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Research article2020Peer reviewedOpen access

Groundwater Carbon Within a Boreal Catchment: Spatiotemporal Variability of a Hidden Aquatic Carbon Pool

Nydahl, Anna C.; Wallin, Marcus; Laudon, Hjalmar; Weyhenmeyer, Gesa A.


Groundwater is an essential resource providing water for societies and sustaining surface waters. Although groundwater at intermediate depth could be highly influential at regulating lake and river surface water chemistry, studies quantifying organic and inorganic carbon (C) species in intermediate depth groundwater are still rare. Here, we quantified dissolved and gaseous C species in the groundwater of a boreal catchment at 3- to 20-m depth. We found that the partial pressure of carbon dioxide (pCO(2)), the stable carbon isotopic composition of dissolved inorganic carbon (delta C-13-DIC), and pH showed a dependency with depth. Along the depth profile, a negative relationship was observed between pCO(2) and delta C-13-DIC and between pCO(2) and pH. We attribute the negative pCO(2)-pH relationship along the depth gradient to increased silicate weathering and decreased soil respiration. Silicate weathering consumes carbon dioxide (CO2) and release base cations, leading to increased pH and decreased pCO(2). We observed a positive relationship between delta C-13-DIC and depth, potentially due to diffusion-related fractionation in addition to isotopic discrimination during soil respiration. Soil CO2 may diffuse downward, resulting in a fractionation of the delta C-13-DIC. Additionally, the dissolved organic carbon at greater depth may be recalcitrant consisting of old degraded material with a greater fraction of the heavier C isotope. Our study provides increased knowledge about the C biogeochemistry of groundwater at intermediate depth, which is important since these waters likely contribute to the widespread CO2 oversaturation in boreal surface waters.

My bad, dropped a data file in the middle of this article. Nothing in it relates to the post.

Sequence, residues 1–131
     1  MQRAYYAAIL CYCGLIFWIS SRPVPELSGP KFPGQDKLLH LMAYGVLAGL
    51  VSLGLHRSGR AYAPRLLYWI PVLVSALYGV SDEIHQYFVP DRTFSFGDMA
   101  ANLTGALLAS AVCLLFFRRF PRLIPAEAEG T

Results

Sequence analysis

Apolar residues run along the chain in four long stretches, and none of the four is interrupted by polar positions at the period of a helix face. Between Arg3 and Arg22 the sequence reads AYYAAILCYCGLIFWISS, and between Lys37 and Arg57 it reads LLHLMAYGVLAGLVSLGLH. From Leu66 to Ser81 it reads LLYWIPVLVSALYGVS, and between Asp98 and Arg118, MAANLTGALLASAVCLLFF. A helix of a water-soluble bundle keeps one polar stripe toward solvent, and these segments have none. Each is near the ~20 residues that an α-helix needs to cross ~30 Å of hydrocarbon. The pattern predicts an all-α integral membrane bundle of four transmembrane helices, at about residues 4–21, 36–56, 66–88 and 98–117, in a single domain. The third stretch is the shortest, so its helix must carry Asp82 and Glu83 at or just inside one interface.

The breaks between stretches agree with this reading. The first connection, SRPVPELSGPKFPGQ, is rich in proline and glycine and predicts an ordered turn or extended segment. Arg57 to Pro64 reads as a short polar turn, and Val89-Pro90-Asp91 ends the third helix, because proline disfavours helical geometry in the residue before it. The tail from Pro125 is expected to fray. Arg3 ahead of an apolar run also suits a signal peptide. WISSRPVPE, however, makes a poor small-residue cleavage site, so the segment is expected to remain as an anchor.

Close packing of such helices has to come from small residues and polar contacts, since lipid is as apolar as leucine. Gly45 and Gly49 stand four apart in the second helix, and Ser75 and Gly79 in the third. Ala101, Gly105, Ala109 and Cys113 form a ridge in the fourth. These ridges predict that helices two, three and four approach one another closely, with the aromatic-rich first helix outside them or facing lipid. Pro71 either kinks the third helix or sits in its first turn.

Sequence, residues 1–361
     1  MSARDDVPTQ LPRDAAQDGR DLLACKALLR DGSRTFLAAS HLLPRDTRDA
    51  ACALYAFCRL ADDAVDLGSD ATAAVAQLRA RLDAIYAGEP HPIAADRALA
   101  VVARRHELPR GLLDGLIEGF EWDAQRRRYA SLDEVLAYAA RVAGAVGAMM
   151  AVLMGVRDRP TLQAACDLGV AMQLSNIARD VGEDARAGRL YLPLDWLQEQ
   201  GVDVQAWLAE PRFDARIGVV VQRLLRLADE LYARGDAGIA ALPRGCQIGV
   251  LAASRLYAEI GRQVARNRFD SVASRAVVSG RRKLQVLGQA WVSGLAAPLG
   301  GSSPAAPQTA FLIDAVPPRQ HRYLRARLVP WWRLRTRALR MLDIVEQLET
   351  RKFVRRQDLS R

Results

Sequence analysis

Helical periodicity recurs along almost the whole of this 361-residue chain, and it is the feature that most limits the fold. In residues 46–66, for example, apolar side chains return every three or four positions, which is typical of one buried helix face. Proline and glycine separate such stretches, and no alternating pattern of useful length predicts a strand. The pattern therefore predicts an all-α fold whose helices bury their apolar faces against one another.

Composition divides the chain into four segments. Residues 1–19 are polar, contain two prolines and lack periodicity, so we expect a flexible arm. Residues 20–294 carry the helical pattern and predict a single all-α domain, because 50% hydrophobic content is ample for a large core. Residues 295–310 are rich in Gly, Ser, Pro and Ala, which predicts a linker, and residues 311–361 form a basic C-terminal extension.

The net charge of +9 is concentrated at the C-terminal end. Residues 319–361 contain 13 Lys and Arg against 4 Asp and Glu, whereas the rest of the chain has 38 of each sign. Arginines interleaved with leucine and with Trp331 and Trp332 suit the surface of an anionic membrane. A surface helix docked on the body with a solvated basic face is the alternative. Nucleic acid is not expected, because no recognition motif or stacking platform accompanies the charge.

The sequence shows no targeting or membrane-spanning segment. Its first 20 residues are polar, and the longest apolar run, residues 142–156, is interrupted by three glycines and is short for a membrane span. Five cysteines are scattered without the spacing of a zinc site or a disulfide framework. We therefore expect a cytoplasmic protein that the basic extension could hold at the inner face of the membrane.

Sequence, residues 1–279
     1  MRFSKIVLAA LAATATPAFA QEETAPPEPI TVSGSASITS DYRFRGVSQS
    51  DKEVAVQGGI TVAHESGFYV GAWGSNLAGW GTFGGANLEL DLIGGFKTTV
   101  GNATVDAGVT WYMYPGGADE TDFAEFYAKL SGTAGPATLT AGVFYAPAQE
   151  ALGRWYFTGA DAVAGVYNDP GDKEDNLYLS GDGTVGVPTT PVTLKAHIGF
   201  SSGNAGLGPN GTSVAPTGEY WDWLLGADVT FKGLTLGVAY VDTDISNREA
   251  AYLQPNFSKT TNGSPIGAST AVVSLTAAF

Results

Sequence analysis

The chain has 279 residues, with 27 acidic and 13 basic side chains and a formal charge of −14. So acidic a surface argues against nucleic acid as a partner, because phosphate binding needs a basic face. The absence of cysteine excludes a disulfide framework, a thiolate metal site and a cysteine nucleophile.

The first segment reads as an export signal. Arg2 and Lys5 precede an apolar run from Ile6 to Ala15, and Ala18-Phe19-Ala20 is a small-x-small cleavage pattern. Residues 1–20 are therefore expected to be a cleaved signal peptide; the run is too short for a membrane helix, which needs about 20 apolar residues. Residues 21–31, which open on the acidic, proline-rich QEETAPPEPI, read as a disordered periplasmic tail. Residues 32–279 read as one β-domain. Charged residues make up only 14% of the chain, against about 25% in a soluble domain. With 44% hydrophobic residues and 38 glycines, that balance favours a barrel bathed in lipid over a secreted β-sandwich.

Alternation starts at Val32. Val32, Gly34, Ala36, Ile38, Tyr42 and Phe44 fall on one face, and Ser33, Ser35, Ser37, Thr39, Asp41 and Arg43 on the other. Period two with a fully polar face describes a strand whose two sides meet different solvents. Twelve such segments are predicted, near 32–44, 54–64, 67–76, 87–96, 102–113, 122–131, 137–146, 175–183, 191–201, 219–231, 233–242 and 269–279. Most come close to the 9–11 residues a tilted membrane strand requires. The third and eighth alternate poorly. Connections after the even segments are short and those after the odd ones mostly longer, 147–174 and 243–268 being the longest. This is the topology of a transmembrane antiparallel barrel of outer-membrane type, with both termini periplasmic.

carbon dioxide; dissolved inorganic carbon; stable carbon isotopic composition of dissolved inorganic carbon; carbonate system; dissolved organic carbon

Published in

Journal of Geophysical Research: Biogeosciences
2020, Volume: 125, number: 1, article number: e2019JG005244

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        Oceanography, Hydrology, Water Resources

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